Best practices for handling subviews in custom NSView implementations of init(coder:) and encode(with:)?

When creating a custom NSView subclass that does not or cannot take advantage of initializer inheritance (possibly because it has some non-optional stored properties), we also need to provide our own implementation of init(coder:). Are there any caveats we need to be aware of if our subclass contains its own subviews?

To start, it seems that we need to provide our own implementation of encode(with:). For example:

override func encode(with aCoder: NSCoder) {
    super.encode(with: aCoder)
    aCoder.encode(subView, forKey: "subview")
}

Should the superclass's implementation of this method be called before or after the subclass's, or does the order not matter?

I found out the hard way that the order does matter in init(coder:). For example, this will lead to a runtime crash when subview is an instance of NSTextField:

required init?(coder decoder: NSCoder) {
    guard let subview = decoder.decodeObject(forKey: "subview") else {
        return nil
    }
    self.subview = subview
    super.init(coder: decoder)
}

Apparently we need to decode the superclass before any of its subviews:

required init?(coder decoder: NSCoder) {
    super.init(coder: decoder)
    guard let subview = decoder.decodeObject(forKey: "subview") else {
        return nil
    }
    self.subview = subview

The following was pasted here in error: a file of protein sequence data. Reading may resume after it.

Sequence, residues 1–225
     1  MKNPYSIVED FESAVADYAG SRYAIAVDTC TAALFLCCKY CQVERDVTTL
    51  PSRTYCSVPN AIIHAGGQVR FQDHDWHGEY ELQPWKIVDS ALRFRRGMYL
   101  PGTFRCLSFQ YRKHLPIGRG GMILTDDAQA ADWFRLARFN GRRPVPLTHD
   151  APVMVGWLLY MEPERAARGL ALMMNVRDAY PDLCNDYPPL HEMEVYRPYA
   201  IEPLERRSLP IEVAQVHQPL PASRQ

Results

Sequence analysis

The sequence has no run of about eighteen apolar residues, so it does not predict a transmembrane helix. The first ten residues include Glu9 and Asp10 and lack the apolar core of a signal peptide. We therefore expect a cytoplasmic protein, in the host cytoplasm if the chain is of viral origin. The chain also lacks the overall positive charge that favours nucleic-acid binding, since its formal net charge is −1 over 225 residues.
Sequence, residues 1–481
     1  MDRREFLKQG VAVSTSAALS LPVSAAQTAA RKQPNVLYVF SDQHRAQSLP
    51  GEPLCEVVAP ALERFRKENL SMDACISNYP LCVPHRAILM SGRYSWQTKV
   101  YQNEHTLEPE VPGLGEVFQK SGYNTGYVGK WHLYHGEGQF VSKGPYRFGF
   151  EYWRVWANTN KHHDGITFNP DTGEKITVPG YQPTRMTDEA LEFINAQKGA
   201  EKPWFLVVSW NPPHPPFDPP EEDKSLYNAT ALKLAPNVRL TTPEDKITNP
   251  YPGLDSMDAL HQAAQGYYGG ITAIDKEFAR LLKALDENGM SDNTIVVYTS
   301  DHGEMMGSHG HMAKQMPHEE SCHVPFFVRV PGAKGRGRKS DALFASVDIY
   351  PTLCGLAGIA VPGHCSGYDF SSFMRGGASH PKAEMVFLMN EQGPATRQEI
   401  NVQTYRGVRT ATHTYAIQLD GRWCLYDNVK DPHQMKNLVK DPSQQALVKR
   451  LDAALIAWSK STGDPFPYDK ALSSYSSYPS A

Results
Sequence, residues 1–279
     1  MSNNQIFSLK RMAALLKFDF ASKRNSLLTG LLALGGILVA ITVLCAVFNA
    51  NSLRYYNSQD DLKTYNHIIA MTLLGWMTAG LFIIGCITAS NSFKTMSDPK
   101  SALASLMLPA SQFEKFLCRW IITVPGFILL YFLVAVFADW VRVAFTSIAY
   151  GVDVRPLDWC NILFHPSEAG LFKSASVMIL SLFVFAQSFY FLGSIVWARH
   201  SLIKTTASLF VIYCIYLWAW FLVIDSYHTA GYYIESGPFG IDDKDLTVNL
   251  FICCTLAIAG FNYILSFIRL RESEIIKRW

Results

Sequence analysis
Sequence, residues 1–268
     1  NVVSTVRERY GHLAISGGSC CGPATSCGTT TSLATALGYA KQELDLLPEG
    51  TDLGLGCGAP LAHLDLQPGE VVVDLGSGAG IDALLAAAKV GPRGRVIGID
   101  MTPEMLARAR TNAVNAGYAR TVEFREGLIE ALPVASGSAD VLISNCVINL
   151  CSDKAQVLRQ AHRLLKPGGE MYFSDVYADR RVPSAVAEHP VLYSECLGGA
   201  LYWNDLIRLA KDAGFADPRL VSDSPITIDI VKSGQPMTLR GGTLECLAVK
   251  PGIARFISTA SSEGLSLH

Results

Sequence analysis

}

One consequence of this appears to be that we must declare our subview properties as optional values because any non-optional values would have to be set before the superclass's initializer is called, but the subviews can't be set until after the superclass has been decoded.

Does this sound about right, or is there anything else that I've missed?

(The intricacies of initialization and optional values made this feel like a relevant question to ask here, but my apologies if it is more related to Cocoa than it is to Swift…)

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You know, I just realized that I may be going about this the wrong way. Rather than trying to encode an entire NSTextField, perhaps I should just be encoding the properties that I want to preserve, like this:

override func encode(with coder: NSCoder) {
    // Still not sure when to call the superclass's implementation here...
    super.encode(with: coder)
    // Only encode the text field's string value
    coder.encode(self.textField.stringValue, forKey: "label")
}

required init?(coder decoder: NSCoder) {
    // Only decode the text field's string value
    guard let text = decoder.decodeObject(of: NSString.self, forKey: "label") else {
        return nil
    }
    // Recreate the text field using the decoded string value
    self.textField = NSTextField(labelWithString: text as String)
    // Call the superclass's initializer
    super.init(coder: decoder)
}

This has the advantage of letting us call the superclass's initializer after we've initialized our subviews, but it does involve a bit more work to reconstruct the subviews and keep track of the properties that we'd like to preserve. Is this considered best practice?

The only possible wrinkle I could think of is trying to preserve a subview's delegate or some other reference to another view/controller. For example, let's say that both our custom NSView and its subviews share the same delegate—how can we ensure that we safely preserve that relationship?

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